It is the beginning of the year and the US government has again provided us with a gift in the form of a $1.7 trillion omnibus spending bill. Specifically, on December 23, 2022, President Biden signed the bill which funds the government through September 30, 2023. In addition to providing funding for the war in Ukraine, emergency disaster assistance, and the January 6 attack prosecutions, overhauling the electoral vote-counting law, and banning TikTok from federal devices, the bill contains many retirement plan and IRA changes, which are the focus here.
As you may recall, in January 2020, we wrote the Introduction to the Secure Act, which contained a list of the more significant changes made by the Secure Act to retirement plans and IRAs. Like the Secure Act 2.0, the original Secure Act was contained in a $1.4 trillion omnibus spending bill which was signed by President Trump on December 20, 2019. Notably, the Secure Act created the most significant changes to retirement plans and IRAs in over a decade. Now, we ask you to buckle up as we review the changes that have again been made to our retirement savings.
Here are a few of Secure Act 2.0’s more significant changes to retirement plans and IRAs:
- For individuals who attain age 72 after December 31, 2022, and age 73 before January 1, 2033, you do not have to take required minimum distributions from certain retirement plans and traditional IRAs until age 73.
- For individuals who attain age 74 after December 31, 2032, you do not have to take required minimum distributions from certain retirement plans and traditional IRAs until age 75.
- For defined contribution retirement plans where the plan allows additional “catch-up” contributions, participants age 50 and older can make “catch-up” contributions. In 2023, the dollar limit for catch-up contributions is $7,500. Starting in 2025, the catch-up limit is increased to the greater of $10,000 or 50% more than the regular catch-up amount in 2024 for individuals attaining the ages of 60, 61, 62, and 63. (Secure Act 2.0 also provides that if you earn more than $145,000 annually, the catch-up contributions must be treated as Roth contributions, not pre-tax contributions).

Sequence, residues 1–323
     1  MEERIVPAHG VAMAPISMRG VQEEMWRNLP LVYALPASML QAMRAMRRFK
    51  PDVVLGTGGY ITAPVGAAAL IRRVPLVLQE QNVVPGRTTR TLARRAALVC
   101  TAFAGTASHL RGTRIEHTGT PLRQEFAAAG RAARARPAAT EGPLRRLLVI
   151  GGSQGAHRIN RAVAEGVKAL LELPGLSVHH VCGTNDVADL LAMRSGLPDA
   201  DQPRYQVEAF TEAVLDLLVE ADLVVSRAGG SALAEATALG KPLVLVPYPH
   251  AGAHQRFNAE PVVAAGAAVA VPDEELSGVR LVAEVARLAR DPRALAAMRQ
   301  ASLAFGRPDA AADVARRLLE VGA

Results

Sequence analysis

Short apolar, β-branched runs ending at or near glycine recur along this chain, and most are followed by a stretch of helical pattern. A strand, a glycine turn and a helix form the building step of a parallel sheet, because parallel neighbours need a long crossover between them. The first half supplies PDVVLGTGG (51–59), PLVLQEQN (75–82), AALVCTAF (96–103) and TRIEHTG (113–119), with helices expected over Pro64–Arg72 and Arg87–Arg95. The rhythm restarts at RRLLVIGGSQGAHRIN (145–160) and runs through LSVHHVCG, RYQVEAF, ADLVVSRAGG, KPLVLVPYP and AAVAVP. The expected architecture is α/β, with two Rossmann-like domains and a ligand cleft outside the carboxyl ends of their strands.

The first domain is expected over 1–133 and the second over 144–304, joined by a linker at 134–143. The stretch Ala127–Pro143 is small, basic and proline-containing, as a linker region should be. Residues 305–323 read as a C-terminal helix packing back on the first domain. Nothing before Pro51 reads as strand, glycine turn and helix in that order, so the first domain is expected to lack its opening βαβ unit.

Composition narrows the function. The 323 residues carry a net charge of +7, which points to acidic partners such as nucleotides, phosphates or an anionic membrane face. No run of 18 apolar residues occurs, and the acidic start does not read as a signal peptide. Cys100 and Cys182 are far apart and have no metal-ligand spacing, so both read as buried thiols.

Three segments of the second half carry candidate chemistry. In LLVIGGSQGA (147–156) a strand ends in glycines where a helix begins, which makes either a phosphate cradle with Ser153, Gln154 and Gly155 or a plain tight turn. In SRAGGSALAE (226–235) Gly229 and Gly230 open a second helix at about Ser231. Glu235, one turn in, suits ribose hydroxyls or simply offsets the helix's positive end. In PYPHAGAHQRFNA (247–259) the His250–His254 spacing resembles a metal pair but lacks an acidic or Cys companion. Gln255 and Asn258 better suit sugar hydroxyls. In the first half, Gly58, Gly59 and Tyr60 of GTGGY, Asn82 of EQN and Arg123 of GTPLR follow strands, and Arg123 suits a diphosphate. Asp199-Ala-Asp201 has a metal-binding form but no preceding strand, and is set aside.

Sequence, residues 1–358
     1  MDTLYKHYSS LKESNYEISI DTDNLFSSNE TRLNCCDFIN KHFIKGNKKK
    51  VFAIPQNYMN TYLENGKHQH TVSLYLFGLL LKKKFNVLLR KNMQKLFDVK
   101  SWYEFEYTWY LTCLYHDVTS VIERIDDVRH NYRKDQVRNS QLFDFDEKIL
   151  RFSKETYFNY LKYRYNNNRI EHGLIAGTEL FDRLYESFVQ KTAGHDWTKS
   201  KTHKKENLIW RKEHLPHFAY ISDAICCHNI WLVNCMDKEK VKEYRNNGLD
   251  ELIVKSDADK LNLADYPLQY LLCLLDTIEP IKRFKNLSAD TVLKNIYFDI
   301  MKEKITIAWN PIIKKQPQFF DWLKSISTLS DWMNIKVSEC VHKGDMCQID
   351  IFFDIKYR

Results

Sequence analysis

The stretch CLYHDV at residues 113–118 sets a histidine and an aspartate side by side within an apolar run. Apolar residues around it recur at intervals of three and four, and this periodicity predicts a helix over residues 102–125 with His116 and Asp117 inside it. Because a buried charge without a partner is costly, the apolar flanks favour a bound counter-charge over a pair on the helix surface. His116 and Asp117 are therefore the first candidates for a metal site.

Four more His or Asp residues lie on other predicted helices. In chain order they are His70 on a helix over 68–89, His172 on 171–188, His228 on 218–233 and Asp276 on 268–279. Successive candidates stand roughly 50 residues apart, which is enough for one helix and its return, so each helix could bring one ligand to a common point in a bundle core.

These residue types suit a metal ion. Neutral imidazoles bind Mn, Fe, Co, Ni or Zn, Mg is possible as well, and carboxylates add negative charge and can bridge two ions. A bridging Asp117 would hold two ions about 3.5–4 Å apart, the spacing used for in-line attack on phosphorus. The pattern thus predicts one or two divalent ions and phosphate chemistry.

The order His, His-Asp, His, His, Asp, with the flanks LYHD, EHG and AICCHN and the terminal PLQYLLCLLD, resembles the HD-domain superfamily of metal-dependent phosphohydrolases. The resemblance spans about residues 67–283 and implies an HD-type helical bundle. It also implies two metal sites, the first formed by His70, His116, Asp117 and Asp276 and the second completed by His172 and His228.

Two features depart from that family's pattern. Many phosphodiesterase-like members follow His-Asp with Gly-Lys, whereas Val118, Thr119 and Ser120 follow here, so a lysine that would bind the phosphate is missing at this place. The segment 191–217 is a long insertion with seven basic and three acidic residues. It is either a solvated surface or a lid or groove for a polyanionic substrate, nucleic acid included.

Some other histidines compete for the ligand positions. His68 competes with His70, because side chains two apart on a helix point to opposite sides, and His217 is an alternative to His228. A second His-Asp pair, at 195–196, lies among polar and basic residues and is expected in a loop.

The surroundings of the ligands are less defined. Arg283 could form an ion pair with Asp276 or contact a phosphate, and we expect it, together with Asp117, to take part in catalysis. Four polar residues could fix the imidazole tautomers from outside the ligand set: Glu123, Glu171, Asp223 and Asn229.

- Defined contribution plans that permit salary deferrals can automatically enroll employees at a predetermined contribution percentage unless the employee elects otherwise.
- Improved coverage for part-time workers in retirement plans.
- Beneficiaries of 529 college savings accounts can make direct rollovers from a 529 account to a Roth IRA without tax or penalty if certain requirements are met. Aggregate rollovers cannot exceed $35,000 over the beneficiary’s lifetime.
Please contact your FineMark advisor if you are interested in discussing how these changes specifically impact you or if you want to discuss any other aspect of your retirement planning.
Changes To The Secure Act 2.0 That Could Affect Your Retirement Plans
By Read Sawczyn , J.D.
Sr. Vice President & Private Wealth Advisor, Trust
Articles In This Issue:
2022 Fourth Quarter Review and Commentary